Tuesday, February 08, 2011

Stormy weather for public libraries -- and a powerful defense of the important role they play

There's Nothing Like a Library on a Rainy Night
We're lucky to have the support for the public library that we have in Madison, but elsewhere libraries aren't so fortunate. Libraries are caught in a crossfire between financial pressures and the forces of technological change.

In the UK, the Conservative government is threatening to make massive cuts in the funding for public libraries. Philip Pullman, best-selling author of the His Dark Materials trilogy, spoke movingly at a Jan. 20 meeting in the Oxford Town Hall about the role of libraries and the need to preserve them.
I love the public library service for what it did for me as a child and as a student and as an adult. I love it because its presence in a town or a city reminds us that there are things above profit, things that profit knows nothing about, things that have the power to baffle the greedy ghost of market fundamentalism, things that stand for civic decency and public respect for imagination and knowledge and the value of simple delight . . . Leave the libraries alone. You don’t know the value of what you’re looking after. It is too precious to destroy.
Pullman traces the history of libraries back to Alexandria, the Egyptian library that was the greatest in antiquity until its destruction. Poignantly, the library in modern-day Alexandria is one of the cultural treasures that people of the city formed a human chain to protect during the pro-democracy uprising. We may be called on to protect ours from a less physical -- but nonetheless real -- harm in the form of political, financial and technological pressure.

5 comments:

Cybergabi said...

That greedy ghost is everywhere. Currently, here in Rotterdam, the zoo and the Volksuniversiteit (which is an open university to provide the public with affordable classes and programs) are heavily suffering from the budget cuts. Many smaller cultural institutions have already closed down because they aren't subsidised anymore.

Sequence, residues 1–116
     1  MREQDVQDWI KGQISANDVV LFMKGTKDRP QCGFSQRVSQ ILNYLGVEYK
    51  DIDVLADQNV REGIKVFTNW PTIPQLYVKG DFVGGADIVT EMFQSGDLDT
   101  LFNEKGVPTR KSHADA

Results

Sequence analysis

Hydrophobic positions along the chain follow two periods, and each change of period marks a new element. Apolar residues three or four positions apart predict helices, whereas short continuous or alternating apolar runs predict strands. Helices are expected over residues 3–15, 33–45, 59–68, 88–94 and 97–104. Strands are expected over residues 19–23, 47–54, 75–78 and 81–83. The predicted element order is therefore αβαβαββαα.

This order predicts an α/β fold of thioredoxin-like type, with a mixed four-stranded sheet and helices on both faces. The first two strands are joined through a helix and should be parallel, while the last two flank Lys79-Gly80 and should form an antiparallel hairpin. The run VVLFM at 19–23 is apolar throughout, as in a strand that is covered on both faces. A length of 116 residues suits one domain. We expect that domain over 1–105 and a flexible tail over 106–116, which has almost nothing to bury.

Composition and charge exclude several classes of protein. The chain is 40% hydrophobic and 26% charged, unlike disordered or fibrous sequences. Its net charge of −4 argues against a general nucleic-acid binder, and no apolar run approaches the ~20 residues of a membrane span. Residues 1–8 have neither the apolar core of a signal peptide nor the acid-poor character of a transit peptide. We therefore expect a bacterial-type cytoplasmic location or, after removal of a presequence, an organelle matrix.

It's a crying shame to see the palaces of the FIRE (Finance, Insurance, Real Estate) industry all over the world, and the decline of public institutions such as schools, libraries, sports facilities and art places. Interesting also the graphic I saw the other day.

I wish they would finally introduce the Tobin Tax, plus reasonable taxes on any company that has more than 1,000 employees. Particularly if it doesn't produce anything of value to the public in the place where it's located, but only serves to support its own earnings. And cut all the subsidies to unsustainable agriculture. Oh, and while they're at it, you in the US could also claim the incredibly high military budget to be spent for something reasonable, instead of funding Lockheed Martin and Halliburton.

All that would be a good beginning.

Citizen Reader said...

What I don't understand is, aren't people still using libraries for print children's picture books? It can't be any sort of fun to read a picture book to a kid on a Kindle or even an iPad, is it?

Madison Guy said...

@Cybergabi -- Thanks. Sorry that the cut in public and cultural services is affecting you guys too. Sometimes it seems as if what we call "western civilization" is busily occupied with destroying itself, choking on its own greed and social inequality.

@Citizen Reader -- You'd think so, but I dunno. Recent article in the Times was about the surge in Kindle YA titles to teens, who seem more and more to prefer them to books. Can children's picture books be far behind? Especially if they're interactive and/or read themselves, freeing up time for busy parents?

Recently I was at Walgreens and noticed a couple little kids, maybe eight and six, left in the car by parent while he (yes, he) shopped. One was playing games on an iPhone, the other was happily engrossed in reading an illustrated children's book on the iPad. Yikes!

Citizen Reader said...

Madison Guy,
Wow, the two kids left in the car story, that's depressing. Wonder if he even bothered to lock the car. I'm not surprised--when I worked at the public library I was continually corralling toddlers back inside after they ran out the front doors, only to return them to parents who barely acknowledged me or them.

If people just want to plunk their kids down with books that read themselves, why are they bothering to have kids?

Cybergabi,
I couldn't agree with you more. Wish we could cut, cut, cut the military budget. Unfortunately, we in this democracy don't get much of a say about that.

Madison Guy said...

From my friend Joey in Rotterdam: Did I tell you that my library card in Rotterdam cost €36.

The Rotterdam Library consists of the Central Library (just a short walk from our apartment), and 23 district branches. They say @ 3 million people visit the library each year, which makes it the most popular institution in Rotterdam. With its total surface of 24.000 m² the Central Library is one of the largest in the Netherlands. The Central Library houses a library theatre that stages cabaret performances and literary activities, a cafĂ©-restaurant Dik T and a Central Discotheque where a person can borrow music-CDs and DVD.

http://www.bibliotheek.rotterdam.nl/EN/Information/aboutthelibrary/Pages/about.aspx